First step, take your multimeter, set it to various resistance ranges and measure between "G" and "FG".  If there is any continuity at all, you can not use it with the -12V terminal as your "ground".

MarkT

Hi jecalderon, I looked at the Minebea website, in particular the 17PM series. The torque/frequency data given there is done at 24 volts, but it doesn't say that is the only voltage they will run at. They do however all require a bit over 1 amp, so your power supply (rated at 1 amp) is lacking there. So I'd suggest getting a more robust (V and A) power supply.
No, that doesn't actually follow, stepper drivers provide more current to the motor than they take from
the supply when the supply voltage is significantly larger than the product of motor winding current and
resistance.

Typical NEMA17 steppers use about 5W, so 24V at 1A is likely to be enough.
[ I will NOT respond to personal messages, I WILL delete them, use the forum please ]

Hi jecalderon, I looked at the Minebea website, in particular the 17PM series. The torque/frequency data given there is done at 24 volts, but it doesn't say that is the only voltage they will run at. They do however all require a bit over 1 amp, so your power supply (rated at 1 amp) is lacking there. So I'd suggest getting a more robust (V and A) power supply.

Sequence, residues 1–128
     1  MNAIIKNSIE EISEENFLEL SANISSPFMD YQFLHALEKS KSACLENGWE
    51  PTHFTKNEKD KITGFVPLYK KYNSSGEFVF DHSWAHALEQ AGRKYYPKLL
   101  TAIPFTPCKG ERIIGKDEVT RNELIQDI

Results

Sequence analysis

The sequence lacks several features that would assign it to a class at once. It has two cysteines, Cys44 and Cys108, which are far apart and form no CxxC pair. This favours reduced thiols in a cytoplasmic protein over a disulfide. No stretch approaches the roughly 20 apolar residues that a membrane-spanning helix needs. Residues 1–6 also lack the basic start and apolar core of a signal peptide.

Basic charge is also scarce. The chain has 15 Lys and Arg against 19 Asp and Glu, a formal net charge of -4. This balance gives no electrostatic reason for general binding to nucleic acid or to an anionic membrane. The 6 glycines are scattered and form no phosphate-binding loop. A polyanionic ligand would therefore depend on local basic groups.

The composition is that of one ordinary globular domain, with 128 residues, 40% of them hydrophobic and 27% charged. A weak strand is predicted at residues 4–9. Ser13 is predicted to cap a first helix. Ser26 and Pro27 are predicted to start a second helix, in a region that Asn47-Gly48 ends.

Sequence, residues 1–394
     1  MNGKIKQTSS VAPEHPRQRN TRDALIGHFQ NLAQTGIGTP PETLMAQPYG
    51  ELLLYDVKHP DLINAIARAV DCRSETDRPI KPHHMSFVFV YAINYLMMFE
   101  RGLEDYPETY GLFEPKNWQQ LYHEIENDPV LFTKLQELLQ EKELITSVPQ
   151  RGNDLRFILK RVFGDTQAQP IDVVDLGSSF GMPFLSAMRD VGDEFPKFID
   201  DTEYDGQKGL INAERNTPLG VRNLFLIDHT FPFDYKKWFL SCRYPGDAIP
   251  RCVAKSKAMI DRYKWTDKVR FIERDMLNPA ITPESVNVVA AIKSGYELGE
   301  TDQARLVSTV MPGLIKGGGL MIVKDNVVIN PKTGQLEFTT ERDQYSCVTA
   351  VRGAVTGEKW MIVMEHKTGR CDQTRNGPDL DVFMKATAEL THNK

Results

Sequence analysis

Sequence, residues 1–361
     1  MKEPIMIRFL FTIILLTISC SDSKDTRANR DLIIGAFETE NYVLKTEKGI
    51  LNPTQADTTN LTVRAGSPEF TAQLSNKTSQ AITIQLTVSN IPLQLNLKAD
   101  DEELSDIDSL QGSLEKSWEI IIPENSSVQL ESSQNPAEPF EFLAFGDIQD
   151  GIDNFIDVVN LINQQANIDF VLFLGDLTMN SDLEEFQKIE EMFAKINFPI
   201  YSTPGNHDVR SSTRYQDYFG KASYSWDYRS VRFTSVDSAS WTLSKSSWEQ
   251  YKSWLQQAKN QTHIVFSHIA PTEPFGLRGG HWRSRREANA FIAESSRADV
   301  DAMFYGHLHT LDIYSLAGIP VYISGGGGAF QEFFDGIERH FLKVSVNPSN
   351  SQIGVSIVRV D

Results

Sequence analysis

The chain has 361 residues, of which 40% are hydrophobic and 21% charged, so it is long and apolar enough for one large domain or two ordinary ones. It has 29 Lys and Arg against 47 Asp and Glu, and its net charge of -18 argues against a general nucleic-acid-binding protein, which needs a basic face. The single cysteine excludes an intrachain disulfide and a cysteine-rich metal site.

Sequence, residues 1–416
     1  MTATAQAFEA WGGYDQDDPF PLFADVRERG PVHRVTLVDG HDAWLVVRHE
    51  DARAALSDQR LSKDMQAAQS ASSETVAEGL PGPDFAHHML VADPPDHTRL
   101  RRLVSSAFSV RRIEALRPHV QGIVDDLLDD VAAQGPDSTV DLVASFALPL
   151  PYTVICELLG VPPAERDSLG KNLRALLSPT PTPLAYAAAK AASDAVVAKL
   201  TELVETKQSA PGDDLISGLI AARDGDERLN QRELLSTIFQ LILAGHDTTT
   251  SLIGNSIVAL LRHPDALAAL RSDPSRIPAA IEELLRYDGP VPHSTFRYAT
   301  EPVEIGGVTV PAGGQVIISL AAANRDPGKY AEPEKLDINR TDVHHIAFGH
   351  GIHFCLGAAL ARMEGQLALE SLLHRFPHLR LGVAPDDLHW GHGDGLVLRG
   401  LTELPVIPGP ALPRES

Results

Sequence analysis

Thanks man!!!!! Did overlook this!. You just safe me a lot of smoke, trouble, and embarrassment.  Thanks



OK, there's the picture.  What you have not supplied is the web page detailing the power supply.

First step, take your multimeter, set it to various resistance ranges and measure between "G" and "FG".  If there is any continuity at all, you can not use it with the -12V terminal as your "ground".

The Supply oddly has no labels other that what is seen in front panel.  The resistant between FG and G reads 6.7 MOhms.   Will this render  useless to try to supply 24V from -12 to +12?

Paul__B

The resistant between FG and G reads 6.7 MOhms.
Then it is probably safe to ground the -12V line.

It is unclear with any given power supply, whether it will operate correctly with no load on the 5 V - primary - output.  Whilst this supply is clearly intended for driving 5 V logic, its general-purpose nature and lack of documentation suggests it will need to be OK with no 5 V load.  The 12 V supplies may not be accurately regulated, but for a stepper motor that does not matter.